With strong ticket sales, their first live album on the way, a new generation of fans, and fresh onstage ideas, A Day On the Green headline act Icehouse are in fine form leading up to their appearance in Mudgee soon.
“We’re really looking forward to it,” singer Iva Davies said.
“We did a run of A Day On the Greens with Hall and Oates a couple of years ago which was great fun, I loved the atmosphere of, it’s just completely different to be involved in an outdoor show in such relaxed conditions.
“And this time we can bring our own big production to it.
“I think the reaction to this particular lineup has been incredibly enthusiastic so far.”
Icehouse’s live performances are priority of the moment and they are set to release their very first live album, Icehouse: In Concert, as a 2-disc CD set in store and via iTunes from Friday, August 28.
Iva said it’s a “faithful” reproduction of what it’s like to be at one of their concerts and a preview of what to expect at ADOTG.
“It’s actually very surprising that it’s taken this long to produce a live album, there’s never been one, and I’d say we’ve been one of the very few acts that have had a history as long as this and not had one,” he said.
“But I’m glad that we waited because the band has never sounded better.
“We recorded seven shows and out of those our bass player and lead guitarist sifted through and selected all of the best versions.
“I said ‘it seems to me pretty obvious that we should do the track listing the way we did the shows’ so it’s a very faithful album in terms of recording what we do and how we do it.
“There were certain things we were doing at that time that we weren’t doing before, such as a little acoustic set in the middle of traditional set, which worked so successfully that I insisted we do it for A Day On the Green.”
The band – originally known as Flowers - worked hard and toured for three years before they released their first album, Icehouse, to a ready made fan base who had been waiting for it.
A name change, more albums and hit singles followed before 1987’s Man of Colours burst into the charts, with hits including Electric Blue, Crazy, and the title track which saw the band break into the US top ten.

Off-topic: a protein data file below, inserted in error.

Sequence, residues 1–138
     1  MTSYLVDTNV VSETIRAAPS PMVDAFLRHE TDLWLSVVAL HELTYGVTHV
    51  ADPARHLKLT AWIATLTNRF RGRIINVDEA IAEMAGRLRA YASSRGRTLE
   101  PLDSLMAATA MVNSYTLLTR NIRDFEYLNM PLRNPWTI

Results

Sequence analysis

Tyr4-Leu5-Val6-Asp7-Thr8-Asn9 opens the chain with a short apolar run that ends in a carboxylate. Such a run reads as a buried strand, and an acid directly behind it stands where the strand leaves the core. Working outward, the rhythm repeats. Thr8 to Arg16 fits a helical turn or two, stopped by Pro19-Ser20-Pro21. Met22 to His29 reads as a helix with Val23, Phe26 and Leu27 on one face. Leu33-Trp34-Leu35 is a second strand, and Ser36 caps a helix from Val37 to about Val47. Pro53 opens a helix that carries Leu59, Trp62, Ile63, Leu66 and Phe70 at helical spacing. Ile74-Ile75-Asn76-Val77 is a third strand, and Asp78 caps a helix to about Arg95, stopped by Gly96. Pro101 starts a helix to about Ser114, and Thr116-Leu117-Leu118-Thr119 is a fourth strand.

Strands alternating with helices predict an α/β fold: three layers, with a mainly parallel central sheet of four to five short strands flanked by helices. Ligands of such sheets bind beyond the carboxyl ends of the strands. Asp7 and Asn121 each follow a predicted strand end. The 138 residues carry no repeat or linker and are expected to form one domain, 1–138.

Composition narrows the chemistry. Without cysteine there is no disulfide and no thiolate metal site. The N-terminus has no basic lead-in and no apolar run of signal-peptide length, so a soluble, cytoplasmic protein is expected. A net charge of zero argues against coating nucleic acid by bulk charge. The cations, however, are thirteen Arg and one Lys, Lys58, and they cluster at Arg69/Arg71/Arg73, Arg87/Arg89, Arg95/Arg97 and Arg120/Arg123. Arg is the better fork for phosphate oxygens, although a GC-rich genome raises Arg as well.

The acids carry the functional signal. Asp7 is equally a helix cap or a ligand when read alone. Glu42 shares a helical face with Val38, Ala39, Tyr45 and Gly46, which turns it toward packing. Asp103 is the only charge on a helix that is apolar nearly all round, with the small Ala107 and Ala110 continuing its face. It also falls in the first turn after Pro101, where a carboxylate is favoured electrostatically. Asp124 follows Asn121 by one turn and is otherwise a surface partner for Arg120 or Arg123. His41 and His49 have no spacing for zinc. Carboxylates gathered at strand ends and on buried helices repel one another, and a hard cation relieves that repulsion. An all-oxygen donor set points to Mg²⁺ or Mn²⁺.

Icehouse took a 15-plus year hiatus from the mid-1990s before returning and hitting the road again in 2011, albeit to the slight trepidation of their frontman, but he needn’t have worried as there were still plenty of fans out there and some new ones as well.
“I was nervous about whether people would want to see the band after that amount of time,” Iva laughed.
“One early show comes to mind, and in hindsight I was probably insane to agree to, and that was a proposal from the promoter of Homebake.
“He said ‘we want you to do a show and we want you to focus on your first album, oh and by the way most of your audience will be about 20’.
“And I said to him ‘are you completely insane, that album is more than 30 years old?’
“We went on stage and there were about 20,000 people, and right from the first song all of these 20-year-olds starting singing and they sung the entire set.”
ADOTG is at Robert Oatley Vineyards, Mudgee, on Saturday, October 31, 2015, where Icehouse will be joined on the bill by James Reyne, Mark Seymour, Moving Pictures and Pseudo Echo.
Iva added that his fellow performers are hard working professionals, all borne out of the classic Australian pub scene.
“I think that all of those guys are incredibly experienced, because I think we came out of an era of very hard touring around the pubs,” he said.
“And without even nodding to each other, all of us will understand that we have that kind of experience and we share it, it’s a common thread.”
All tickets for the concert cost $99.90 and are on sale now from Ticketmaster on 136 100 and the Mudgee Visitor’s Centre.